Why Are Flamingos Pink?
Flamingos are possibly the most beautiful birds on the planet, with their gorgeous pink plumage, long legs, wonderful slim necks and exquisitely shaped beaks. We like them so much, some of us put replicas of them on our front lawns.
I guess the most striking thing about these birds is their color. That bright stunning pink that just kind of stands out and grabs you. Makes you wonder why they are so pink.
Well, if that's your question, you came to the right place. Let's find out why flamingos are pink.
Where do flamingos live and what do they do?
Flamingos have been around a long time. There are fossils of them that date back to 30-50 million years ago. That's a pretty long time. I guess that's why they seem so exotic.
Flamingos are a social bird, living in colonies that can be populated by the tens of thousands of them. They tend to stay in the same spot and only move to different living circumstances if the weather calls for it or the water levels change. These birds tend to live in sub-tropical areas, inland, in salty lakes, lagoons and mangrove swamps. Those are the areas where they find food. They are able to wade through water with those long legs and scoop through the mud with those curved beaks to find food; those beaks are equipped with plates that filter the water and mud so they can get to the food, which they do by turning the beak upside down, sucking water through with their tongues and draining it out the side of their beaks. When they've gotten down to the food, they swallow it. The food that they eat is primarily brine shrimp and algae. This, in fact, is why they are pink.
The shrimp that flamingos eat turns their feathers, bills and legs pink!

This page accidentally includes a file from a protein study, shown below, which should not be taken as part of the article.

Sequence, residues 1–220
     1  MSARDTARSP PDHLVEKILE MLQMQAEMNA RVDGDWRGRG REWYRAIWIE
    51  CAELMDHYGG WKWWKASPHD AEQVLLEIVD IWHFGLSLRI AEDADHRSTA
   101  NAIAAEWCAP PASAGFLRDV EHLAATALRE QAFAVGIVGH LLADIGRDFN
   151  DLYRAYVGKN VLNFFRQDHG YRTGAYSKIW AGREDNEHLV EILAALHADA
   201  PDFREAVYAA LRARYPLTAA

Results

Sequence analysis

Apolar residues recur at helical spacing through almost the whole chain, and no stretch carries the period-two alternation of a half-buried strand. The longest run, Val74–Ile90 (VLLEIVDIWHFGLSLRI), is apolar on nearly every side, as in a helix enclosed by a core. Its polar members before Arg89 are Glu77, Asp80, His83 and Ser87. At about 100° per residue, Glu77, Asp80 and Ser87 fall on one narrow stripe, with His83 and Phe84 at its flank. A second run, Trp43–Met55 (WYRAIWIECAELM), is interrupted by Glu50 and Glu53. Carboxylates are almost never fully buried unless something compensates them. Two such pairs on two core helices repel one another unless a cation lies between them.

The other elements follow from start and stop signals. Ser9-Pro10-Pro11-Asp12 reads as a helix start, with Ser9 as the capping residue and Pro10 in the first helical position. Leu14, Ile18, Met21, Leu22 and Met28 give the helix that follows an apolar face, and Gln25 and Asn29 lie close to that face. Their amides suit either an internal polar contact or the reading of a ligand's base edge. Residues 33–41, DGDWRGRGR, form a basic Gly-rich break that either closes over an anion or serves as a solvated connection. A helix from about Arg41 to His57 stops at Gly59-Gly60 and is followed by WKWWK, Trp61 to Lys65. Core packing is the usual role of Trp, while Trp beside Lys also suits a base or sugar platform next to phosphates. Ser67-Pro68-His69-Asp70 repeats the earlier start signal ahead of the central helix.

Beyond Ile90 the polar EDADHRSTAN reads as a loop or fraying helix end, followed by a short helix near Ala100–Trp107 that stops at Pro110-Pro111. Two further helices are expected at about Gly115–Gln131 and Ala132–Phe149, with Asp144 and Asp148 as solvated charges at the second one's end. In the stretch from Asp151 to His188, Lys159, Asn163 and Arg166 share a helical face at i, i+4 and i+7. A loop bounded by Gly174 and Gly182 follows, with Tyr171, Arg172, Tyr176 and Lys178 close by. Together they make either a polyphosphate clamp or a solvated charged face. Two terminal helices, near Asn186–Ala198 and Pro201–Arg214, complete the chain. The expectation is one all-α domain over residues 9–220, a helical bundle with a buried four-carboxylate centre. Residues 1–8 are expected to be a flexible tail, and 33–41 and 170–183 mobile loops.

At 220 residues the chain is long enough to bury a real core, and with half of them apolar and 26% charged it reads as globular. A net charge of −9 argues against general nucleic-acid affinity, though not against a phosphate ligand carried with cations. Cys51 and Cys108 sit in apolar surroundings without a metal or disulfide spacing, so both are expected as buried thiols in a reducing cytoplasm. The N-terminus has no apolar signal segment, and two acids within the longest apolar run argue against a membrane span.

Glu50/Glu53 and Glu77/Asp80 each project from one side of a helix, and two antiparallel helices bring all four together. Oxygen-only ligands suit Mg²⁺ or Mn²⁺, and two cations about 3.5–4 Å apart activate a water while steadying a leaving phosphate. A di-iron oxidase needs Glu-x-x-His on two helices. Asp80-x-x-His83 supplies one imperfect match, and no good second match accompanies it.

Did you know flamingos are pink because they eat shrimp?
Why does shrimp make flamingos pink?
Shrimp live off of algae and both algae and shrimp contain a lot of carotenoids, otherwise known as beta-carotene. This is the stuff in carrots that helps us produce Vitamin A.
But it also contains enzymes that get broken down in the liver and turn into pigment molecules that change the color of flamingos from gray to pink, sometimes orange. Yes, when young, flamingos are actually gray. After eating heavy doses of shrimp, though, they begin to turn pink. Crazy!
It should be noted that we don't turn orange or pink from eating carrots because we don't eat nearly enough for it to change our skin tone.
However, some people take something called cathaxanthin so that their skin will appear tanned. This is what we commonly call a fake tan. Of course, it's been noticed that this stuff tends to make the skin more orange than tan.
Well, turns out this is relevant to why flamingos have their rather striking bright color. In captivity, like at the zoo, flamingos are actually given cathaxanthin to ensure their color is pink! They are fed a diet of prawns and often given beta-carotene and cathaxanthin.
By the way, cathaxanthin is used by salmon farmers to make salmon that nice appealing pink shade with an orange hue.
So, there you have it. Flamingos are pink because they eat a lot of shrimp and shrimp has beta-carotene which turns into a pigment that makes flamingos feathers, legs and bills pink!
Who would have thought?